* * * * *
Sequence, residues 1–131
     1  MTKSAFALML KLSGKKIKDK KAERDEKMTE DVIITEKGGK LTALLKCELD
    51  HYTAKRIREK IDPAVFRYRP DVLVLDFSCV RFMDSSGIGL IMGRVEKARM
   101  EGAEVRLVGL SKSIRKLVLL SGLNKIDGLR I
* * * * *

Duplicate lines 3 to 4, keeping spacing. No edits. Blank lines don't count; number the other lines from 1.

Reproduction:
    51  HYTAKRIREK IDPAVFRYRP DVLVLDFSCV RFMDSSGIGL IMGRVEKARM
   101  EGAEVRLVGL SKSIRKLVLL SGLNKIDGLR I